We celebrate the differences that make us unique all year long, but Pride Month is a chance to highlight coworkers who are members and allies of the LGBTQ+ community. Chance P., a Group Human Resources Manager in Utah, asked in his first company interview, 20 years ago, whether being gay would prevent him from succeeding at Enterprise. He shares how he was supported from day one, and never looked back.
What initially attracted you to a career at Enterprise?
I taught college prior to joining Enterprise. I was an Enterprise customer and I was impressed that all of the Management Trainees had a college degree and that they were working to move up the career ladder. The entrepreneurial spirit was so evident, and their positive attitude was infectious! I really liked the concept that my work, not my tenure, moved me up the ladder. It was the opposite of what I had in my job at that time.
Why do you enjoy working for Enterprise?
It’s funny, I feel like I have been answering this question the same way the whole time I have been here, regardless of my role. For me, it’s the people and the company.
In my current role, I get to connect with our employees and work with them on a host of projects, challenges and success stories. It makes every day different and rewarding.
I am also really proud to work here. I see us work hard to make the right decisions for our employees and the company. We have just weathered some hard times connected to COVID-19. However, the internal messages we received from our CEO Chrissy Taylor, the tone in her voice, and the constant mantra that we would pull ahead…just made you proud to keep working and doing your part because it mattered.
What has surprised you most about working at Enterprise?
That if you want to be involved, you can. If you raise your hand you will be considered.
I wanted to be involved in the larger conversation in our company about diversity. I talked to my General Manager, my Corporate HR Manager, and Chris Tabourne, Assistant Vice President of Inclusion & Diversity, and was honored to serve for three years on our National Diversity Team. It was a great experience and the exposure helped me garner the role as the first Diversity Co-Facilitator for the North Central part of the US.
I simply raised my hand and my horizons and connections grew! In most companies, exposure like that is very difficult to find.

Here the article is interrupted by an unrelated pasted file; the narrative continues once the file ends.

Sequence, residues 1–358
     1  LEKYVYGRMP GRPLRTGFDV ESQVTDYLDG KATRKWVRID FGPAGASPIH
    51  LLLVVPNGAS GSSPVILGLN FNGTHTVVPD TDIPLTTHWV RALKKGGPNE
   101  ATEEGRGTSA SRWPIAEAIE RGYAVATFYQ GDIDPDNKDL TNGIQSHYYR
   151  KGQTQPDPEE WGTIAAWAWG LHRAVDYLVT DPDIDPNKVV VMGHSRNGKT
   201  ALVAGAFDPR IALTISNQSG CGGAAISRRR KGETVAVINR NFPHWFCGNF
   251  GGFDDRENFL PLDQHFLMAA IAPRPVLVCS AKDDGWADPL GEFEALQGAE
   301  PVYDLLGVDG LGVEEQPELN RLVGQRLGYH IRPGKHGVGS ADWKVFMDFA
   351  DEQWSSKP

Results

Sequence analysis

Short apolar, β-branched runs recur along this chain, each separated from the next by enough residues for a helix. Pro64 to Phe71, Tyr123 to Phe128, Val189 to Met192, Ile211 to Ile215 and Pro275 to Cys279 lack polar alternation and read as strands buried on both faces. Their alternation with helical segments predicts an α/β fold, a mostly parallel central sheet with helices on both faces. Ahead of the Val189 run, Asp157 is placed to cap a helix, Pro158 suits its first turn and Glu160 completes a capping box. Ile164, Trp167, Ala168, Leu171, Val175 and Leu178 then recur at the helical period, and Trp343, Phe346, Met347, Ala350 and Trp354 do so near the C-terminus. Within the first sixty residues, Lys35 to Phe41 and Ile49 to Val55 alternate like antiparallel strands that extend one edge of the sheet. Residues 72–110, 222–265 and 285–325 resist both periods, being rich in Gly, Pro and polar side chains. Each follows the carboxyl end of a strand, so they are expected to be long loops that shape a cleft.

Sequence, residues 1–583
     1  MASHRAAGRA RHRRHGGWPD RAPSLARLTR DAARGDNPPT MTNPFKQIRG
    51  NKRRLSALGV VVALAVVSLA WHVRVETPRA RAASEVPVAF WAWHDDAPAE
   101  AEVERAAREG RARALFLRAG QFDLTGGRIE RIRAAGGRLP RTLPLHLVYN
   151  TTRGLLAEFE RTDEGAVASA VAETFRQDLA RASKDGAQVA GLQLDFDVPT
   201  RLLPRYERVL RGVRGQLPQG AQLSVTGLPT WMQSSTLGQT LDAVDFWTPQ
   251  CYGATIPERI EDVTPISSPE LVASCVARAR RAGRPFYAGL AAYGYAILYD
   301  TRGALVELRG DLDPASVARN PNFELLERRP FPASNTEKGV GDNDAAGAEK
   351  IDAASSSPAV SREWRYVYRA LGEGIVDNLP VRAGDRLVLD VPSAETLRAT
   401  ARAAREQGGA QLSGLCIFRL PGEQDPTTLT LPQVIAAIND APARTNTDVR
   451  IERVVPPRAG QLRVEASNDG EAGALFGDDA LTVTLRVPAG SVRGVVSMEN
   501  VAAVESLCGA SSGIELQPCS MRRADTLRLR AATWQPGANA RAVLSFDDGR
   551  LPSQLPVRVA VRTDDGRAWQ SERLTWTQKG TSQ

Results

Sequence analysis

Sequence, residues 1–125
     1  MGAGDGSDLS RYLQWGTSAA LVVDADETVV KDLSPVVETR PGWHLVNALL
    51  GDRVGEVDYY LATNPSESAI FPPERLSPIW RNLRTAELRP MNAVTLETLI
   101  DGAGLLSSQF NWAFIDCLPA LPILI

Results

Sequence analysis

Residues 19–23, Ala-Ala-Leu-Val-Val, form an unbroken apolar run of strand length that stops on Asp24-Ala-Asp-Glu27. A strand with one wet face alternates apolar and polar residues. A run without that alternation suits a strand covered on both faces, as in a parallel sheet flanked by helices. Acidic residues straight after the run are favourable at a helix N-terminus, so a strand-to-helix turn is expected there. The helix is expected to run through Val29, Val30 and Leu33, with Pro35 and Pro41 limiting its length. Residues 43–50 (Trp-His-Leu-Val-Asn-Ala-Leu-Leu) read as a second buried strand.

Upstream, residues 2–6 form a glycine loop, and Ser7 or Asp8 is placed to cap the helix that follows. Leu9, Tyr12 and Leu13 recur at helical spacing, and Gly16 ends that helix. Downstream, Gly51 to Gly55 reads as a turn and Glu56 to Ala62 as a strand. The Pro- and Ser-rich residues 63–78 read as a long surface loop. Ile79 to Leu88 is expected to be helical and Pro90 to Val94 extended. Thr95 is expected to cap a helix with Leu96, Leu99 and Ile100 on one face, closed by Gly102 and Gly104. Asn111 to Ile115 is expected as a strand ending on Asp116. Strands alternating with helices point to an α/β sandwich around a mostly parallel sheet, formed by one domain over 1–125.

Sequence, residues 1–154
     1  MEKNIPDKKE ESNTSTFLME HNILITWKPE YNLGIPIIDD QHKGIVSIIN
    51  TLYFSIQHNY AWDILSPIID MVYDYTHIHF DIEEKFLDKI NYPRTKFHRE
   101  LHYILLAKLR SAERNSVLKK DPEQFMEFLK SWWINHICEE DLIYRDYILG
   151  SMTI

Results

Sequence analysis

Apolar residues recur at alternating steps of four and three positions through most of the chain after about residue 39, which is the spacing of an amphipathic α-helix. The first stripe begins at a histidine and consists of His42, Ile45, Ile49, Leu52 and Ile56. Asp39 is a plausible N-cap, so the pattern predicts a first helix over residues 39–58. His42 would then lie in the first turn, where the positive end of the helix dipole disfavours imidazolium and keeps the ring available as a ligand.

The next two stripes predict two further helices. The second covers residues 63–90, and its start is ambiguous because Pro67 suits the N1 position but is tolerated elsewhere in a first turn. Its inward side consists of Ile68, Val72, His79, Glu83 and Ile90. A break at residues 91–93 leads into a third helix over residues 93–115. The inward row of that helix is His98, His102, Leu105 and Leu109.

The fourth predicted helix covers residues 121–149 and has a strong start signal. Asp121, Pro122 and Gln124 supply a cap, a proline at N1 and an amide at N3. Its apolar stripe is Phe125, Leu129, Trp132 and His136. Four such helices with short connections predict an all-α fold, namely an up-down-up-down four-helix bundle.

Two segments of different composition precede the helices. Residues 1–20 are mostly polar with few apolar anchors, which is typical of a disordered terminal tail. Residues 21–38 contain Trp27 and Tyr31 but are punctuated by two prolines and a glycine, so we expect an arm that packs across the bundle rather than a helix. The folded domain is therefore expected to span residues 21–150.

When did you come out at work, early or late in your Enterprise career? Why is it important for you to be out at work?
I came in the door that way! I was frustrated not being able to be myself at work prior to Enterprise. You know that part of the interview when they ask you if you have any questions? Well, I did! I asked them if my being gay would prevent me from succeeding at the company? I was told it would not. I felt safe. I held on to that and never looked back.
Being out and being visible at work gives you secure footing. When I was promoted to my current role, the Utah operations listed my husband and our little dog on my welcome to Utah and congrats on your promotion message. I got so much feedback from employees I had never met because of the “Welcome Randy and Ranger” portion of that message. I got messages with hashtags of #pride, #outandproud to simple “thank you” and “I see what you did there.” Just being out and being you does have an impact.
Do you have any LGBTQ+role models at work?
I have to admit that I looked up the ladder in 2000 and did not see anyone who was openly gay in the company. It honestly felt disheartening. I told myself that I would just have to be that person. I didn’t want another gay man to look around and not see an ally.
Last year you interviewed one of my former employees for this profile piece. You asked Branden S., “How important do you think it is to have LGBT role models at work?” He responded, “…in my 3rd interview, I met with the HR Generalist Manager, who had pictures of him and his husband in his office. That reassured me that I could be myself and progress with Enterprise.” That HR Generalist was me. That was the moment when I knew I had made a positive impact on someone like me. It made it all worth it.
Does Enterprise embody an inclusive work environment? What does that look, sound and feel like?
Yes. In my current role I have seen us work with employees from the entire spectrum of LGBTQ+ and I have seen those employees grow, be promoted, and develop professionally. If you want to promote inclusivity it looks, feels and sounds like:
How can I help you?
What do you need to be successful?
Do you have a mentor? Can I help you find one?
Where do you want to go? How can I help you get there?
How have your perceptions of Enterprise changed since COVID-19?
As an HR Manager I was in a unique role during a pivotal time. I got to see a lot of what went into the decisions that were made. If anything, I feel stronger about my connection to the company because of the detailed attention that was given to the decision making.
How do you feel about the new landmark Supreme Court decision that protects LGBTQ+workers from discrimination?
It feels exciting and comforting at the same time. Enterprise was ahead of the curve in our workplace for sure. Long before gay marriage was legal across the US, we had domestic partner benefits, and if you were married in a state where it was legal, Enterprise recognized that.
Today I take comfort that regardless of where you work you have the right to be discrimination-free. I think it is the best thing that could have happened for us in Pride Month 2020!